23rd February 2015, 1:55pm
Piecing together the puzzles of historic objects
Dr Jonathan Foyle A leading architectural historian and BBC TV presenter who has scaled some of Britain’s greatest buildings is to give a free public lecture at the University of Lincoln, UK.

Dr Jonathan Foyle will explain how interdisciplinary research is used to find meaning in the design and materials of puzzling historic objects in the latest instalment of the University’s Great Minds series of lectures.

He will present his guest lecture, 'Cracking the codes: understanding historic objects through research, science and intuition', on Wednesday 18th March 2015. The event will take place at the EMMTEC building on the University’s Brayford Campus, with registration at 5.30pm. Admission is free but booking is essential.

“Uncovering the meaning behind some of our greatest historical treasures is hugely important, helping to bring to life some of the most important historical figures and buildings. It often takes contributions from experts across a wide range of disciplines to get an accurate and full picture of what we are looking at,” said Dr Foyle.

“During the talk we will explore how such research practices have recently been used to identify the state bed of Henry VII, and how that in turn offered insights to a new book on the evolution of Lincoln Cathedral.”

Dr Foyle  trained as an architect and art historian and holds a doctorate in archaeology. He developed a practical knowledge of major and minor historical monuments, first as an assistant surveyor of Canterbury Cathedral, and then as buildings curator at Hampton Court Palace and Kew Palace where he served for eight years.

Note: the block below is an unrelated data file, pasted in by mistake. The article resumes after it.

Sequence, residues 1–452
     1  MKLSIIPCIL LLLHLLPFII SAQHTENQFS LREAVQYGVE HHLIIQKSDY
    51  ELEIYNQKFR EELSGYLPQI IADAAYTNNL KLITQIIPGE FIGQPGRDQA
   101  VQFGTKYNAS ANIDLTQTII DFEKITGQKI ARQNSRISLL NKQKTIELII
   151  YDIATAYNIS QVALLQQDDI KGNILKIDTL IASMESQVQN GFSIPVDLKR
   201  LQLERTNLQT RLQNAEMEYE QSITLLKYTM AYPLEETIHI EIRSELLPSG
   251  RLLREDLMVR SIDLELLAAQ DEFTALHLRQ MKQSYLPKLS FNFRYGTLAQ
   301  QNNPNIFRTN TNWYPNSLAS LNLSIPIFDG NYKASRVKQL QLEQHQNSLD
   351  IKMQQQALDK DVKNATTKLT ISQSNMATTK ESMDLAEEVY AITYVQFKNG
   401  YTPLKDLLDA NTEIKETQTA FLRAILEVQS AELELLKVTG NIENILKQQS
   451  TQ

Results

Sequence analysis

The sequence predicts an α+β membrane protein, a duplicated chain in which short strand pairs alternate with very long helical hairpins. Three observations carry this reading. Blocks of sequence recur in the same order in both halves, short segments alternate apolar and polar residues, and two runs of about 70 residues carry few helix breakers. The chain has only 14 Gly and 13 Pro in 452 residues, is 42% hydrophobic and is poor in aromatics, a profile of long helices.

He has also oversaw major conservation, restoration and interpretive projects across Britain at Coventry Cathedral, Stowe House, St George’s Bloomsbury and many other historic sites in his former role as CEO of World Monuments Fund Britain.

He has taught and lectured internationally, and is currently a Visiting Professor at the University of Lincoln. As a champion of interdisciplinary academic studies, he has two monographs on Canterbury and Lincoln cathedrals due to be published in spring 2015. He also writes regularly for The Financial Times.

Previous Great Minds speakers include the multi-award-winning John Hurt, the Olympian and sports broadcaster Steve Cram, Senior Curator at the Natural History Museum Dr Mark Spencer, and leader of the Red Arrows, ‘Red 1’ Squadron Leader David Montenegro.

To register for Dr Jonathan Foyle’s talk, or find out more about upcoming events at the University of Lincoln, visit www.lincoln.ac.uk/events
--Ends--